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What does the research tell us? 

By Richard Jefferys

After a long period during which HIV incidence rates seemed distressingly immutable, the last few years have seen a rapid accumulation of evidence that pre-exposure prophylaxis (PrEP) and HIV viral load suppression by antiretroviral therapy (ART) can dramatically reduce transmission risk. The effects of these interventions are now beginning to manifest at the population level, with reports emerging of declining HIV incidence in a number of different settings.

Reining in prescription drug prices isn’t so much a potential benefit of universal health care, but rather a factor in its affordability and success

By Tim Horn

If there is one thing the majority of Americans agree on, it’s that health care costs—prescription drugs, in particular—are out of control and are significantly contributing to our broken health care system. Despite some campaign trail rhetoric that put the pharmaceutical industry on notice, the White House has yet to announce a bold agenda for curtailing egregious drug pricing.

Claiming and strategizing the HIV community’s role in universal health care advocacy

By Suraj Madoori and Maximillian Boykin

Perhaps the most impressive narrative in the lead-up to the dramatic defeats of the disastrous Affordable Care Act (ACA) repeal-and-replace bills in the House and Senate involved the thousands of activists who were activated, organized, and mobilized in an effort save U.S. health care.

Globalizing the insurance model will harm global public health

By Annette Gaudino

In the New York City of the 1850s, firefighting was a private enterprise. Homeowners and landlords purchased insurance plans that included protection from a dedicated fire brigade. When a fire broke out, brigades would arrive on the scene and look for an insurance company seal on the building. No hoses would be turned on until insurance coverage was verified. Often the building would have no seal, as fire insurance was not required.

 

At the World Hepatitis Summit in São Paulo, Brazil, held November 1-3, 2017, a large coalition of hepatitis patients, representatives of the drug using community, medical providers, researchers, and public health experts expressed their whole-hearted support to the commitment of the World Health Organization (WHO)’s goal to eliminate viral hepatitis by 2030; and declared that this goal will only be achieved if people who use drugs have access to effective, affordable prevention and treatment programs.

People who inject drugs are

Suboptimal Immune Recovery on Antiretroviral Therapy: Causes, Consequences, and the Search for Solutions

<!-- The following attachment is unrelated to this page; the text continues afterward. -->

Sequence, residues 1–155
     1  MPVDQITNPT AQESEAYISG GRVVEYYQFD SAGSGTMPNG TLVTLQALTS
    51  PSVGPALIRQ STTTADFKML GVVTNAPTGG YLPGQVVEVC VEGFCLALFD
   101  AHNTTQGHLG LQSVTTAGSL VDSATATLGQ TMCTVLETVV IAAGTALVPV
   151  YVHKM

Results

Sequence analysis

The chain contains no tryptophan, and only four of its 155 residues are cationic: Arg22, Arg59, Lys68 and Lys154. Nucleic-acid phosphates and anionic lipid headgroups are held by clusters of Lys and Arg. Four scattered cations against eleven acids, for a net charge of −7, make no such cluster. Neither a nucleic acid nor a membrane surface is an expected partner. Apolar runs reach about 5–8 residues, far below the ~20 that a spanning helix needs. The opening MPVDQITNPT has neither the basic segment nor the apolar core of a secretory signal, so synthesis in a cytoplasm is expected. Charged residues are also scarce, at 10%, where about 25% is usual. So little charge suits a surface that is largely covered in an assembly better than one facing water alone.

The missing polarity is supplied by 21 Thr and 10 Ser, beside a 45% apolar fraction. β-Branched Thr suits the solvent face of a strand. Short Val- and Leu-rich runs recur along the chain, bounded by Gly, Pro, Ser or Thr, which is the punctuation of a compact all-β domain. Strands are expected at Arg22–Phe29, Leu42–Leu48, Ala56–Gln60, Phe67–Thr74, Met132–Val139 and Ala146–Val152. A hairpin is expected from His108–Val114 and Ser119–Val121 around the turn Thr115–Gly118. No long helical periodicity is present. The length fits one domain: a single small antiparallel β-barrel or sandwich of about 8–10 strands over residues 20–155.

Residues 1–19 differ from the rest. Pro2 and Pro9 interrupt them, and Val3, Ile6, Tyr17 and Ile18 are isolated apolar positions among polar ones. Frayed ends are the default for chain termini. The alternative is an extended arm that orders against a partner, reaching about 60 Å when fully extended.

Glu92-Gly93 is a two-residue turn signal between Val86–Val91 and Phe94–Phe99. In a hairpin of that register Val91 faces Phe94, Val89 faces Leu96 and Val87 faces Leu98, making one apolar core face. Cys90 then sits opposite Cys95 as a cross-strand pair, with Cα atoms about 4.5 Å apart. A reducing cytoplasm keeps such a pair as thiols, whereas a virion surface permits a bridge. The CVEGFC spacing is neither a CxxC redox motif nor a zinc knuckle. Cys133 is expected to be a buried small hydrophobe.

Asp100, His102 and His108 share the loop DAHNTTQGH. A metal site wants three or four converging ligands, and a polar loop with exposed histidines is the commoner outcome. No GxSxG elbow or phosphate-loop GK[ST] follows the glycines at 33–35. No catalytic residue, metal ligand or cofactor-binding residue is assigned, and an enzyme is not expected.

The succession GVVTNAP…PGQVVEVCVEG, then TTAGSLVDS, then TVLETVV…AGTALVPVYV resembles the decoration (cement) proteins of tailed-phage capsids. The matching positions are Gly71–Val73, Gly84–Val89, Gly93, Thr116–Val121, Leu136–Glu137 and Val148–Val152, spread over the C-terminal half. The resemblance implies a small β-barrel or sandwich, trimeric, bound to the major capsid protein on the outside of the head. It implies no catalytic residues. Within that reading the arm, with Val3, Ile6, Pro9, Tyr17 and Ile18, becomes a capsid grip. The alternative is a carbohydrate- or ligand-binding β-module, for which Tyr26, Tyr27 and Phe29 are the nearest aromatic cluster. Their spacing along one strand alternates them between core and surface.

On November 29, 2017, Treatment Action Group (TAG) hosted a webinar on suboptimal immune recovery despite HIV suppression by antiretroviral therapy.

Presented by Richard Jefferys, TAG’s Basic Science, Vaccines and Cure Project Director, the webinar reviewed the possible causes and consequences of suboptimal immune recovery, as well as discussed the current lack of potential interventions to promote immune reconstitution in people with persistently low CD4 T cell counts despite HIV suppression.

Nelson Vergel from PoWeR described his own

Changing WHO Global TB Program Leadership

Statement from Mark Harrington, Executive Director
on Changing World Health Organization Global TB Program Leadership

1 December 2017

"On behalf of TAG, I congratulate Dr. Mario Raviglione on his retirement and thank him for his efforts and the years of collaboration while he was director of the World Health Organization’s (WHO's) Global TB Program. Though we didn't always agree, we shared mutual respect and the hope of catalyzing increased research and better programs for people affected by tuberculosis (TB).

Mario started as

Remarks by Erica Lessem on TB research at the WHO Global Ministerial Conference on Ending TB

Remarks by Erica Lessem, Deputy Executive Director – TB Project

Global Ministerial Conference on Ending TB in the Sustainable Development Era

Moscow, Russian Federation
November 17, 2017

Using lessons learnt from HIV, how do you see civil society and advocacy communities’ role in helping increase financial commitment by the global community to close the gap of TB R&D funding?

“The HIV movement has taught us that with funding for innovation and political will for implementation, devastating epidemics can be tamed.

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